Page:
Unlike the Noa, there’s another layer of density foam in the Eva Mattress which works in conjunction with the 5-zone pocket springs to offer excellent support and responsiveness. These springs are patented by Eva and are designed to ensure there’s ideal movement isolation. In fact, the Eva Mattress provides some of the best motion dampening in a spring mattress.
To end, the entire core of the Eva Mattress is designed for optimal airflow and comfort, making it close to the perfect mattress for those in warmer climates and suffering from back or neck pain when sleeping.
It’s clear to see that both mattresses are designed using very similar materials and technologies, though subtle differences in layout give the Eva Mattress a little more firmness and responsiveness. The Noa, however, stands out in its ability to provide a little more sinkage.
On either mattress there’s a significant focus on hygiene and anti-microbial features, making them ideal for Australians with allergies or for younger children.
Comparing both mattress materials, the Eva will be the most optimal for those who live in warmer climates and need a little more airflow and a more cooling top layer. The Noa, on the other hand, is best for sleepers who aren’t too fused by a mattress that sleeps a little warmer.
Mattress Weight and Density
One area that many customers are increasingly becoming interested in is mattress weight and density, thanks to its effect on setting up the mattress, but also sinking into it.
Most notably, the Koala Mattress has made waves in being a dense, polyfoam mattress that’s possibly the best mattress available when it comes to a proprietary latex, foam and gel blend. The Noa and Eva mattresses are right on the Koala’s tail, though without being entirely reliant on foam blends to make up the bed.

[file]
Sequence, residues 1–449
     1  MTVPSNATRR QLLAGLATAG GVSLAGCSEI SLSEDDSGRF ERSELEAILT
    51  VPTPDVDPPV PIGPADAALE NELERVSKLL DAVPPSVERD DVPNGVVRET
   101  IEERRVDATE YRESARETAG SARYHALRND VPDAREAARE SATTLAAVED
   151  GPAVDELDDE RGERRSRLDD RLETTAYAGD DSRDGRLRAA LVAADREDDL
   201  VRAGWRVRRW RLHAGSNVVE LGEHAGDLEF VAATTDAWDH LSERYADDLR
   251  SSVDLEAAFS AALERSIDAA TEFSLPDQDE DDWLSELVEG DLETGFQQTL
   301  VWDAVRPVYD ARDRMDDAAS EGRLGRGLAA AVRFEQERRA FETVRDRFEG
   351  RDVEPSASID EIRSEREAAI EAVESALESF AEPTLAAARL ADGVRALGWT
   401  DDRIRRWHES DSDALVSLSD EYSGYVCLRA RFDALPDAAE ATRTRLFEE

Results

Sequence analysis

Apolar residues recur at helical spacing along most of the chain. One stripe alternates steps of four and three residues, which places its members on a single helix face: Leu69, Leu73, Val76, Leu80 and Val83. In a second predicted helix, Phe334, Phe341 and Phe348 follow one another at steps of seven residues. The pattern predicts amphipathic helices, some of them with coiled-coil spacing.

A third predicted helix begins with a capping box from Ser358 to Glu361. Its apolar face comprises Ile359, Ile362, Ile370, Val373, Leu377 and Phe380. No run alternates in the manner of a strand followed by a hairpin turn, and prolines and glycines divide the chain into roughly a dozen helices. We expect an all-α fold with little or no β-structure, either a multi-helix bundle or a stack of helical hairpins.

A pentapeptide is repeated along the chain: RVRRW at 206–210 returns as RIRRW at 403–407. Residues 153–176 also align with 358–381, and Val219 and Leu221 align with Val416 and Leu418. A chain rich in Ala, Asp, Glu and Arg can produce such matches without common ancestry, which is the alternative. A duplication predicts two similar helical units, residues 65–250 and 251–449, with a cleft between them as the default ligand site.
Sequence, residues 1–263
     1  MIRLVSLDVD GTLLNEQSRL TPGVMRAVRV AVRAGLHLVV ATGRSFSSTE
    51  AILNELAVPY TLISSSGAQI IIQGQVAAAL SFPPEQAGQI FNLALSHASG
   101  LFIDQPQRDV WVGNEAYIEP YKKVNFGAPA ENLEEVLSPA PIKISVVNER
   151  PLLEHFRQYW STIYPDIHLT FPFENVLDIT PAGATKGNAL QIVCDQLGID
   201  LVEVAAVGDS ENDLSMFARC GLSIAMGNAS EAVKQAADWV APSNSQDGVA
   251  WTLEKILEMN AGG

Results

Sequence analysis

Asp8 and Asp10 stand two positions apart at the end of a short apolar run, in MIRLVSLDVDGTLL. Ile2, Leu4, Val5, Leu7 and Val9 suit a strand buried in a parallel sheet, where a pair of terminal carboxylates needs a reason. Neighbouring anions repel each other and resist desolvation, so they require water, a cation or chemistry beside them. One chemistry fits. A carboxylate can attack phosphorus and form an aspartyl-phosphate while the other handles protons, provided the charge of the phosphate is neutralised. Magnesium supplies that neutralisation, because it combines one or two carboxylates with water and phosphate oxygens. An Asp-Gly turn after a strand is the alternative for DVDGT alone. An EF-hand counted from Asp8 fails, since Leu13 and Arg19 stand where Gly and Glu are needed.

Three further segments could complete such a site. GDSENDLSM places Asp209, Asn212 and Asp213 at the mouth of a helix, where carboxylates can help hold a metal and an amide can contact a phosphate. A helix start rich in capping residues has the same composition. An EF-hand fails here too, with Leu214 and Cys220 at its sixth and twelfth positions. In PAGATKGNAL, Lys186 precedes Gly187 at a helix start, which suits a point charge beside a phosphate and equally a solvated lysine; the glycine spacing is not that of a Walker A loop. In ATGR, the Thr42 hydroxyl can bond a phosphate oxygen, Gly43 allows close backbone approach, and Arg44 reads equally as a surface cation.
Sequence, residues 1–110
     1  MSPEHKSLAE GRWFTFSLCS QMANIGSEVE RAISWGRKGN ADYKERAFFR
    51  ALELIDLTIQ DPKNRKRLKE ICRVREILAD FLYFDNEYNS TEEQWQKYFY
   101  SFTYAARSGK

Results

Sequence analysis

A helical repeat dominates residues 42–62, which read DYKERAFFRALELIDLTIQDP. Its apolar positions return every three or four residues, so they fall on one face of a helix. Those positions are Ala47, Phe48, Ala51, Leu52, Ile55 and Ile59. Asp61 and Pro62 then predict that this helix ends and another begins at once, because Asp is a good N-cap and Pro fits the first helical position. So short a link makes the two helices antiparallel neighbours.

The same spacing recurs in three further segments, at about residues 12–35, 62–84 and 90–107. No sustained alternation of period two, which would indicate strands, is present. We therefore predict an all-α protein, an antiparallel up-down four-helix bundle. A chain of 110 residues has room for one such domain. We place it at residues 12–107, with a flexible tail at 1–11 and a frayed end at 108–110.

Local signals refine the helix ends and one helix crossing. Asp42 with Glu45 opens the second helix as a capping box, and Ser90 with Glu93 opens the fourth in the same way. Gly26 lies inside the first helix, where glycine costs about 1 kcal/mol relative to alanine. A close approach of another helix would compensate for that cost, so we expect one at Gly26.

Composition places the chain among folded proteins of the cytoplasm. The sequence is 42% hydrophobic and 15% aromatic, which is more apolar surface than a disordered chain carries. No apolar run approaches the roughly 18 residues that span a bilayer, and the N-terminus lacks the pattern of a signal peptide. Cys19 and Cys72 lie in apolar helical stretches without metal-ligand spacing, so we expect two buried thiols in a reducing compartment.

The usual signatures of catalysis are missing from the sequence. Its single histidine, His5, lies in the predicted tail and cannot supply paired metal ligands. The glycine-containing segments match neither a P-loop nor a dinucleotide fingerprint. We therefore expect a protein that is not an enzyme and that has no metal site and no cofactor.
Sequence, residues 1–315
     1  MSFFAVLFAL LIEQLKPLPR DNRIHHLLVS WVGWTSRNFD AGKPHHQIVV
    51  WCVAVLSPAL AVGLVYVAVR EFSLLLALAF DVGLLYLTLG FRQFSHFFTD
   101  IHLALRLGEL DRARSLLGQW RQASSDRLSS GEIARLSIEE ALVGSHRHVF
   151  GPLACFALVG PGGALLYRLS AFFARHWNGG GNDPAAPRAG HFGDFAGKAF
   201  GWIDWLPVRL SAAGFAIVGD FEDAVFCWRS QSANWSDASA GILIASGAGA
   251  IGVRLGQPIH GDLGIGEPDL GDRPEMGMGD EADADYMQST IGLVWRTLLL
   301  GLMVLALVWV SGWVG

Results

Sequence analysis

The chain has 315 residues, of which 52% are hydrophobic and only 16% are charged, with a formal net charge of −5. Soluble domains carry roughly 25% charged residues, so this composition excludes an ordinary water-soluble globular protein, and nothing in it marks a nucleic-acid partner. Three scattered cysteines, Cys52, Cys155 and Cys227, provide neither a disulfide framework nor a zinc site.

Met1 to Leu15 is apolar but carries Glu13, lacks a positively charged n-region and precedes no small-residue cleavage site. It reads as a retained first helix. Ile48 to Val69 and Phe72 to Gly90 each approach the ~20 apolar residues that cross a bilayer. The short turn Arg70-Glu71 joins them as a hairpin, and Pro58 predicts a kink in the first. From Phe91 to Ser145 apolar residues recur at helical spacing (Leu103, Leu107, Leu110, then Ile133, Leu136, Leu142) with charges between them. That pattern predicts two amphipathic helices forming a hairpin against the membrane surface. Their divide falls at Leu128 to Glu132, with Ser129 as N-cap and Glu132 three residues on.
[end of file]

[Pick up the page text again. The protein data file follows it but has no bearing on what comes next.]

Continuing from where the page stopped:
To start, the Noa Mattress is the lighter of the two beds, with the queen size coming in at 47.8kg, which is typically average for a mattress. The smaller king single is 36.3kg, again fairly standard, though coming in a box makes the weight less of an issue.
As for the mattress density, you’ll be glad to know that thanks to the blend of foam and pocket springs that there’s more of a hollow feel, that is optimal for airflow. That said, the Noa Mattress will play nicely with platform bed bases that don’t have great ventilation, as the pocket springs allow for more ventilation than their foam counterparts.
Coming in at a more substantial 55kg for a queen, the Eva Mattress might be a touch more difficult to slide into place on your bed frame, though this won’t be too much of an issue. Again, 55kg is quite standard and will be fine for most bed bases and frames, though thinner aluminium frames might have a problem depending on you and the mattress’s combined weight.
Similarly to the Noa Mattress, the Eva offers a relatively low-density build which means airflow is ideal for placement on bed platforms and frames that aren’t great for ventilation.
With both of these mattresses being hybrid in design, there are two major perks that come from this, and that’s the freedom to place them on unventilated platform bases as well as bed frames with wider slats. Typically, boxed beds are all-foam, which means you’ll need a very supportive base, which doesn’t dip or flex and has a lot of space for heat dispersion, but with the Noa and Eva, this doesn’t matter a whole lot.
Just like the design and features offered by these mattresses, the prices are quite similar. They both come in a little higher than your standard coil spring mattress, though being primarily available online, there’s an understanding that shipping costs have to be considered.